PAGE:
Regulation of Body Fluids

HYPERVOLEMIA Excess Fluid Volume Inhibits

HYPOVOLEMIA Decreased Fluid Volume Stimulates

ADH Aldosterone release release inhibited inhibited Contribute to Increased Urination of dilute urine

Thirst inhibited

Thirst ADH release stimulated stimulated

Aldosterone release stimulated

Contribute to Decreased Urination concentrated urine

Normal Fluid Volume Restored

Third Spacing: - is a shift of fluid from the vascular space into an area where it is not available to support normal physiologic processes and is a volume loss: Trapped fluid may be: a. may be sequestered in the abdomen or bowel, or in such other actual or potential body spaces as the pleural or peritoneal space. b. trapped within soft tissues following trauma or burns. Assessing the extent of fluid volume deficit resulting from third spacing is difficult. Note: It may not be reflected by changes in weight or intake-and-output records, and it may not become apparent until after organ malfunction occurs Manifestations With a rapid fluid loss (such as hemorrhage or uncontrolled vomiting), manifestations of hypovolemia develop rapidly. When the loss of fluid occurs more gradually, the clients fluid volume may be very low before symptoms develop. Rapid weight loss is a good indicator of fluid volume deficit. = each liter of body fluid weighs about 1 kg (2.2 lb). Loss of interstitial fluid causes skin turgor to diminish. = when pinched ,the skin of a client with FVD remains elevated. = loss of skin elasticity with aging makes this assessment finding less accurate in older adults. Tongue turgor is not generally affected by age; therefore, assessing the size, dryness, and longitudinal furrows of the tongue may be a more accurate indicator of fluid volume deficit. Postural or orthostatic hypotension is a sign of hypovolemia. A drop of more than 15 mmHg in systolic blood pressure when changing from a lying to standing position often indicates loss of intravascular volume. Venous pressure falls , causing: A. flat neck veins, even when the client is recumbent. B. loss of intravascular fluid causes the hematocrit to increase. Compensatory Mechanisms to conserve water and sodium and maintain circulation account for many of the manifestations of fluid volume deficit: = such as tachycardia; pale, cool, skin (vasoconstriction); and decreased urine output. = the specific gravity of urine increases as water is reabsorbed in the tubules.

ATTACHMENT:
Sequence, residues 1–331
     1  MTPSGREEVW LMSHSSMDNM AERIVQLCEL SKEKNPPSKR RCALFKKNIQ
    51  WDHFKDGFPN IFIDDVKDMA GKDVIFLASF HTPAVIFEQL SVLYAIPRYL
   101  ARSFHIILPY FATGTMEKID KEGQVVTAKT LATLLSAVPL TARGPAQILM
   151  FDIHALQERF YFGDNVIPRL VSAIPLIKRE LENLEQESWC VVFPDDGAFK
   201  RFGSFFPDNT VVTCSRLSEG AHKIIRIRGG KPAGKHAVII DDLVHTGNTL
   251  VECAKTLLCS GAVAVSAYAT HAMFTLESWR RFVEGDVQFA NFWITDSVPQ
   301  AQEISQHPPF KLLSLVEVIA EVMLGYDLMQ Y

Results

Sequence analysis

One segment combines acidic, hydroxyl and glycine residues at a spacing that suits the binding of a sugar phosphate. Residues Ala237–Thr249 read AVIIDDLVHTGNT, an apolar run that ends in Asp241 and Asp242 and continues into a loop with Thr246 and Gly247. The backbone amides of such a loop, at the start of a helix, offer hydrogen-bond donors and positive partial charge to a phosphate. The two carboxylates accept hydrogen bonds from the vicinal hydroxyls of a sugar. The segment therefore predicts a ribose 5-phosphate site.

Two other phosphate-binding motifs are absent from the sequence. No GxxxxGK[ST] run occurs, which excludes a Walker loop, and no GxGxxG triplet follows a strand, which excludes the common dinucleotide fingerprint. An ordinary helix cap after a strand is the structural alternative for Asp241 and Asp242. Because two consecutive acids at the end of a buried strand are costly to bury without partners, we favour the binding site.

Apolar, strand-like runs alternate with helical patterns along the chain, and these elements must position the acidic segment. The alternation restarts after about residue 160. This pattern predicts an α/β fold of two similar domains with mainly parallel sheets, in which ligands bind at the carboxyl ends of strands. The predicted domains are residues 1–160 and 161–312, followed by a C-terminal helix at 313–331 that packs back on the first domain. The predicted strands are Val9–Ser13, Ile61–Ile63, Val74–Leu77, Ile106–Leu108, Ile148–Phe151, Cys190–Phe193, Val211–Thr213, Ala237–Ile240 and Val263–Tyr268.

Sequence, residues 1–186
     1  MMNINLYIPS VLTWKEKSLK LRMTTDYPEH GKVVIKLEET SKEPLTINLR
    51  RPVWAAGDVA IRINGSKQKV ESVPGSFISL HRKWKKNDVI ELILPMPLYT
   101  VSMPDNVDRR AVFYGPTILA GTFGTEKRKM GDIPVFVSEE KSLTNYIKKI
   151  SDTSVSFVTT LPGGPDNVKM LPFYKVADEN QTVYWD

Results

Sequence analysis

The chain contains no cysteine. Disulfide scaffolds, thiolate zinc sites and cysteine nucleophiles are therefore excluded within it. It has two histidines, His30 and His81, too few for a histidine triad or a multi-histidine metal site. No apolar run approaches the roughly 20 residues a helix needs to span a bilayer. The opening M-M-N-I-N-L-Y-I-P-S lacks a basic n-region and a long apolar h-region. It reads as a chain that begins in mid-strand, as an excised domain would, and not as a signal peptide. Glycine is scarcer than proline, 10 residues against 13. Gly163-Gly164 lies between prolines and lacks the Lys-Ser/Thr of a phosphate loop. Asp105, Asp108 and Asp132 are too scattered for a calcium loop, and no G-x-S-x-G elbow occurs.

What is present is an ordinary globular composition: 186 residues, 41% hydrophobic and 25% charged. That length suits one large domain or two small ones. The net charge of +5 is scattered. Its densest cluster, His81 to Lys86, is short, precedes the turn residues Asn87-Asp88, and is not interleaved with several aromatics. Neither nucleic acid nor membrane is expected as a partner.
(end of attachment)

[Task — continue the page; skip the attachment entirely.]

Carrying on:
19 The systemic effects of fluid volume deficit are illustrated



Assessment Data Thirst in mentally alert people Poor skin turgor-forehead & upper chest. In severe deficit-pinched skin remains in pinch position for several seconds Dryness of the skin & mucous membranes. In severe case- tongue is dry & furrowed Eyeballs soft and in severe case - sunken Elevated body temperature

Pathophysiologic Basis Cells shrinks, stimulating the thirst osmo receptors Loss of normal elasticity of the skin

Cells of the skin and mucous membranes dries out

Water tension in eyeball decreases

Regulation of body temperature is disturbed by lack of water Normal temperature control requires 800 ml of water

Apprehension and restlessness; coma in severe case Concentrated urine: Specific gravity above 1.030 In severe dehydrationrenal shutdown: hypernatremia plus hypovolemia

Cellular dehydration in brain due to shift of water from cells to exctracellular fluid compartment ADH released in response to increase osmolality of body fluids

Decreased plasma volume resulting to decrease in blood flow to kidneyoliguria & anuria

21 The primary goals of care related to fluid volume deficit 1 prevent deficits in clients at risk and to correct deficits and their underlying causes. 2 depending on the acuity of the imbalance, treatment may include replacement of fluids and electrolytes by the intravenous, oral, or enteral route. 3 when possible, the oral or enteral route is preferred for administering fluids. 4 in acute situations, however, intravenous fluid administration is necessary.